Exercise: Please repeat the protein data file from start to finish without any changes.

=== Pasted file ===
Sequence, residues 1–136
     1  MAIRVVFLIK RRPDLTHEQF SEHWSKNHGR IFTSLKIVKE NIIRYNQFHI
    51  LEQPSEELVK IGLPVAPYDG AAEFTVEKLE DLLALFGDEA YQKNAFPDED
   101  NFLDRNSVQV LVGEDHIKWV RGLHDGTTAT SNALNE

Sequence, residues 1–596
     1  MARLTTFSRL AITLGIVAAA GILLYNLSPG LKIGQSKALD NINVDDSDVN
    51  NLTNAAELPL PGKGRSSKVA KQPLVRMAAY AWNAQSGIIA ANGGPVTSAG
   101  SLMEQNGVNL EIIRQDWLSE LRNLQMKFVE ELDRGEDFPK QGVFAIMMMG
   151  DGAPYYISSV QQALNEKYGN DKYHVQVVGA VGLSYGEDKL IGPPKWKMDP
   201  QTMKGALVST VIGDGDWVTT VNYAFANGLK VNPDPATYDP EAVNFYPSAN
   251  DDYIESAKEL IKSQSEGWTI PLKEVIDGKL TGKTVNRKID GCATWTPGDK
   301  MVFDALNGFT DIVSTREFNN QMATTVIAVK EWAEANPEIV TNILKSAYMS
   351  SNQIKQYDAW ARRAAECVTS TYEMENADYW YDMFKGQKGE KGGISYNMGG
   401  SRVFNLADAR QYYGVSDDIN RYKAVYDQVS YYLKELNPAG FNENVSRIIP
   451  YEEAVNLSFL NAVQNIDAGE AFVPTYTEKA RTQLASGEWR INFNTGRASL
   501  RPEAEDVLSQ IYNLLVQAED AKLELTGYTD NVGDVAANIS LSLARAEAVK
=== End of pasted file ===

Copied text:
Sequence, residues 1–136
     1  MAIRVVFLIK RRPDLTHEQF SEHWSKNHGR IFTSLKIVKE NIIRYNQFHI
    51  LEQPSEELVK IGLPVAPYDG AAEFTVEKLE DLLALFGDEA YQKNAFPDED
   101  NFLDRNSVQV LVGEDHIKWV RGLHDGTTAT SNALNE

Sequence, residues 1–596
     1  MARLTTFSRL AITLGIVAAA GILLYNLSPG LKIGQSKALD NINVDDSDVN
    51  NLTNAAELPL PGKGRSSKVA KQPLVRMAAY AWNAQSGIIA ANGGPVTSAG
   101  SLMEQNGVNL EIIRQDWLSE LRNLQMKFVE ELDRGEDFPK QGVFAIMMMG
   151  DGAPYYISSV QQALNEKYGN DKYHVQVVGA VGLSYGEDKL IGPPKWKMDP
   201  QTMKGALVST VIGDGDWVTT VNYAFANGLK VNPDPATYDP EAVNFYPSAN
   251  DDYIESAKEL IKSQSEGWTI PLKEVIDGKL TGKTVNRKID GCATWTPGDK
   301  MVFDALNGFT DIVSTREFNN QMATTVIAVK EWAEANPEIV TNILKSAYMS
   351  SNQIKQYDAW ARRAAECVTS TYEMENADYW YDMFKGQKGE KGGISYNMGG
   401  SRVFNLADAR QYYGVSDDIN RYKAVYDQVS YYLKELNPAG FNENVSRIIP
   451  YEEAVNLSFL NAVQNIDAGE AFVPTYTEKA RTQLASGEWR INFNTGRASL
   501  RPEAEDVLSQ IYNLLVQAED AKLELTGYTD NVGDVAANIS LSLARAEAVK